Unfortunately time was against me so I had to rush back home meaning missing out Chesil Cove and any seawatching...this ultimately proved costly as some good birds were seen in the cove later in the day...never mind, next time maybe?

Monday, 21 October 2013

Gore Hill - Sun 20 Oct

A trip up to Gore Hill this afternoon and in blustery conditions there were some good numbers of birds around if somewhat lacking in variety. The stubble field that I walked around held a flock of sixty or so Linnets, and at least fifty Skylarks, the highlight though was a single Woodlark in with the Skylark flock. Singles of Reed Bunting and Yellowhammer flew over, as did a Meadow Pipit. On the ground half a dozen Red-legged Partridge were seen, while a lone Raven drifted overhead. A good walk and enough in the way of birds to keep one interested throughout.

Sutton Bingham - Sun 20 Oct

An hour on site this morning and again I concentrated on the southern end of the reservoir and again it was pretty quiet. I did locate a nice feeding flock of tits, but they stayed deep in the vegetation and were ridiculously mobile. Overhead a single Raven, a couple of Meadow Pipits and two alba Wagtails flew south, whilst on the water a handful of Teal were flushed. The only other birds of note were a single Snipe seen briefly in flight and a Kingfisher which was heard but not seen. The most interesting sighting of the day came in the form of an immaculate Clouded Yellow, a nice burst of colour on an otherwise dreary day.

Thursday, 17 October 2013

Sutton Bingham - Wed 16 Oct

Real case of chalk and cheese today. Following on from such a productive day on Sunday today at the reservoir was a major anti-climax! I spent a good couple of hours on site in the afternoon working the same areas I had covered at the weekend and saw hardly anything in the way of birds. From the northern causeway a Little Egret was seen and a Little Grebe was a new arrival.
A walk along the reservoir from the hide to the car park and back produced just one Chiffchaff which was heard and not seen and a single Meadow Pipit.
The southern end of the reservoir which was such good value on Sunday was almost completely devoid of birds. A single drake Teal was seen and a small flock of seven Stock Doves were seen feeding in one of the ploughed fields adjacent to the reservoir.
And that was that! No idea where everything had gone...let's hope for better next time!

Sunday, 13 October 2013

Sutton Bingham - Sun 13 Oct

I spent most of the morning at Sutton Bingham Reservoir today in an attempt to find something different and cheer myself up as I've been struggling with a cough and cold over the past few days.
I started out by walking from the hide along the water's edge to the car park and back. There was a little bit of visible migration as three Swallows passed through heading south, whilst heading west my first winter thrushes of the autumn, with six Fieldfares and three small flocks of Redwings (a total of seventeen birds). A small number of Meadow Pipits also passed though, but no more than half a dozen birds and a single Grey Wagtail also flew south.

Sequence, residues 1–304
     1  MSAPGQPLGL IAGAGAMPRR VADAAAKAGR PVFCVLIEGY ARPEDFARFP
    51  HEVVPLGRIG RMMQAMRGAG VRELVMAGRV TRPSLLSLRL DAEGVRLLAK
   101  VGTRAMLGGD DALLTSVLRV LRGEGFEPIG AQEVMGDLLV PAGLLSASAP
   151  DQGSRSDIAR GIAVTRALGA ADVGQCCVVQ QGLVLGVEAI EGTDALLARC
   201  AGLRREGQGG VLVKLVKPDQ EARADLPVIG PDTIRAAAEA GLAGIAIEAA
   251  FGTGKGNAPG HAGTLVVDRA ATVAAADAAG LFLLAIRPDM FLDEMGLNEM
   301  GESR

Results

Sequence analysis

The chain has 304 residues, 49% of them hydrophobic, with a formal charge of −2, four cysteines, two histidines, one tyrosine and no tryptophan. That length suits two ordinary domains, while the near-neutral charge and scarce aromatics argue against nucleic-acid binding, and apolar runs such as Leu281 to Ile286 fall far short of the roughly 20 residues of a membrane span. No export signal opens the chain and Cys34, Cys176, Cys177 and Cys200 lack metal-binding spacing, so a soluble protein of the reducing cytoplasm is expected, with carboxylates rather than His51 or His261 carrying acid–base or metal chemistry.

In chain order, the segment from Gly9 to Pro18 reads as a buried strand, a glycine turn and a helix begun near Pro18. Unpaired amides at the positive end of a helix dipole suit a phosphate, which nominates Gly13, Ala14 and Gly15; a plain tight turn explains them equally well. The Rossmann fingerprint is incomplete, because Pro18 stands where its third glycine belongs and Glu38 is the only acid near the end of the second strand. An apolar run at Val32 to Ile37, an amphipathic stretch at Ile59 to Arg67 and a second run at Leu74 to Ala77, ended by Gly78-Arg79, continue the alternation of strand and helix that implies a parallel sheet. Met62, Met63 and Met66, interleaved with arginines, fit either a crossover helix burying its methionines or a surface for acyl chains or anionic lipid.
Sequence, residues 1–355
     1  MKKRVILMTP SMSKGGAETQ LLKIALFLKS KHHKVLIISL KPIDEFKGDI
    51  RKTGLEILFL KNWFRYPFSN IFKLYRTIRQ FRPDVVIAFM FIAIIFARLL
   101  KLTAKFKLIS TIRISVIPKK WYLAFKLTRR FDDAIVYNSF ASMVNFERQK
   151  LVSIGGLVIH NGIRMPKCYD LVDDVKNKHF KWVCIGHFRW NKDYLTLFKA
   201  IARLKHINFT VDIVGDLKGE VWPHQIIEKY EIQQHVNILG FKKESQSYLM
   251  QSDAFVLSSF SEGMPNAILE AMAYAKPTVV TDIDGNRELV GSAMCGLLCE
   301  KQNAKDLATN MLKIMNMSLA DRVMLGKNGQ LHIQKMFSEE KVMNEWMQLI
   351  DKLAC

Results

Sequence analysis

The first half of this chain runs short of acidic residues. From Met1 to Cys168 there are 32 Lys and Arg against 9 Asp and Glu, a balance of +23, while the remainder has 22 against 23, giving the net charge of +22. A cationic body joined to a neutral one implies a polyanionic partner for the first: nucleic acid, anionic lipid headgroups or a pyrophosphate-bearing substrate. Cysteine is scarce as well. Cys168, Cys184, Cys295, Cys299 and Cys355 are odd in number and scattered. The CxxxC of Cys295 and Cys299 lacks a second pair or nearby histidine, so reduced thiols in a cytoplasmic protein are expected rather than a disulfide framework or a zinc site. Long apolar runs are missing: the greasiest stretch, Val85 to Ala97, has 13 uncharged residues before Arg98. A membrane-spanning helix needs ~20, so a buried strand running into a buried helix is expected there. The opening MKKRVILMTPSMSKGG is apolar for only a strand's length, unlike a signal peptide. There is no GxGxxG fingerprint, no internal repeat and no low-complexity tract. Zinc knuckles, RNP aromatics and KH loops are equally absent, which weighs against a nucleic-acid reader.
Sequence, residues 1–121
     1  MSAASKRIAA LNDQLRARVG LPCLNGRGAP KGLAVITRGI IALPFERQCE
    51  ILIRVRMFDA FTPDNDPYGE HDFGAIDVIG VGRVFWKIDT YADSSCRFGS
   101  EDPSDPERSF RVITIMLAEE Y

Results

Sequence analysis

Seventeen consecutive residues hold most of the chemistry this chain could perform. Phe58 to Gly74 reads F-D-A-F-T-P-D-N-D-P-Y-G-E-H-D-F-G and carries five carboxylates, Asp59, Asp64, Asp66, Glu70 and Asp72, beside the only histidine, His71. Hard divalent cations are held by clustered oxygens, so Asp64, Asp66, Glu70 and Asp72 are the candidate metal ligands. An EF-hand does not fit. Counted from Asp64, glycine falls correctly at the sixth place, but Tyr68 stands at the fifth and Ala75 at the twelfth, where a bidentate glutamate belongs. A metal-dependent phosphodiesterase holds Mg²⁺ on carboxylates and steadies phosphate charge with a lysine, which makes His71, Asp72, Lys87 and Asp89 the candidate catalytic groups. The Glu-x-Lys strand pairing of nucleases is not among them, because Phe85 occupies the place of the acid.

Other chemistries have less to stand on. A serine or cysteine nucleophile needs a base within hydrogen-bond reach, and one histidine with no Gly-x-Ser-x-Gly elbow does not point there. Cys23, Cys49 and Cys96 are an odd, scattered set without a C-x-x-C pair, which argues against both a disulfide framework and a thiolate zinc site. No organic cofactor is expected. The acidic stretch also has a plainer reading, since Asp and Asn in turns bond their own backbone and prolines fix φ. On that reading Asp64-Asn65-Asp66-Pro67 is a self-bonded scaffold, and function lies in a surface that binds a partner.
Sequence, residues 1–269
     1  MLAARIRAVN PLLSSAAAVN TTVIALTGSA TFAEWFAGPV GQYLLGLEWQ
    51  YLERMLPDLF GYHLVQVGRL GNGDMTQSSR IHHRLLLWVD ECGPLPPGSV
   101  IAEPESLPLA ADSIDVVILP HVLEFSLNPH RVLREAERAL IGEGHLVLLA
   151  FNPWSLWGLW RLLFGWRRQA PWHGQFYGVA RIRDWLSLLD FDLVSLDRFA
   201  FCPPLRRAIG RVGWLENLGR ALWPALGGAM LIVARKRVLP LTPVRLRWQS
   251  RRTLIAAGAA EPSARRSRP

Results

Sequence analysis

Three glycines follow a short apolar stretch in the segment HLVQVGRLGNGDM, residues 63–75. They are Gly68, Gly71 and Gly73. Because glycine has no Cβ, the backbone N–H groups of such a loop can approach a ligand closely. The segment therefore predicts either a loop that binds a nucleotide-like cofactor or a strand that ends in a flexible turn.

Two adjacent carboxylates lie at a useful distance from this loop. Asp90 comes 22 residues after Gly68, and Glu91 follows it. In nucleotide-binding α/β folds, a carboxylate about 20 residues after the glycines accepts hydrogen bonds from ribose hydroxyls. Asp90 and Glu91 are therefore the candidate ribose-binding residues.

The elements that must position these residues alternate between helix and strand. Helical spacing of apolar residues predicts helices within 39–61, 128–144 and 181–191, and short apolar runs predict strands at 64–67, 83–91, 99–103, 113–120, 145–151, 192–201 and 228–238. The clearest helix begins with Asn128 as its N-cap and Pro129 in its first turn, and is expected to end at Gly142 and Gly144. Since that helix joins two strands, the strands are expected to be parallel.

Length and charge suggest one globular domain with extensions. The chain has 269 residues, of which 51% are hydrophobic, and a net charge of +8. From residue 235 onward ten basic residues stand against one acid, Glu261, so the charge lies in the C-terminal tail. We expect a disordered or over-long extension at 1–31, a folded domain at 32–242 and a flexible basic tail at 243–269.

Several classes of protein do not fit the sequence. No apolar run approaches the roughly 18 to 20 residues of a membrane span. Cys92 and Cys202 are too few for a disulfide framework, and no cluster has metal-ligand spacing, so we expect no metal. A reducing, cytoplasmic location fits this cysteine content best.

A small flock of eight Wigeon flew in from the north and landed on the water, and some thirty minutes later a flock of twelve flew north (the original eight were nowhere to be seen so I presume they made up the bulk of this second flock).
As I neared the car park a large flock of Goldfinches were feeding on the scrubby vegetation, and a single Siskin was in with them. I then found a bird I'd not seen at Sutton Bingham for years, a male Yellowhammer was calling from a small bush. From the car park a Little Egret was seen on the far bank whilst at least two Kingfishers were interacting and a Chiffchaff skulked around. Returning to the car I flushed a Snipe from the water's edge, counted thirty eight Great Crested Grebes and watched a Kestrel fly north.
My second circuit was round the southern end of the reservoir where I was hopeful something might be lurking. I soon found a large flock of Long-tailed Tits, some thirty or so birds, and mixed in with them a few Goldcrests, Treecreepers, Blue Tits, Great Tits and Chiffchaffs...and then something else popped in to view. It was one of those special moments when I realised that I'd found a national scarcity and a patch tick (in fact I believe it is a first for the site) as a very smart Yellow-browed Warbler gave itself up feeding amongst the bushes and trees. I watched the bird for some five minutes as the diagnostic wing bars and eye-stripe showed brightly against the greenish plumage. What a little cracker!
It was with a real spring in my stride that I headed back to the car and home for a well-deserved lunch.
NB: Unfortunately the Yellow-browed Warbler was in an area of the reservoir that has little public access...sorry.

Monday, 7 October 2013

Wyke Regis - Sun 6 Oct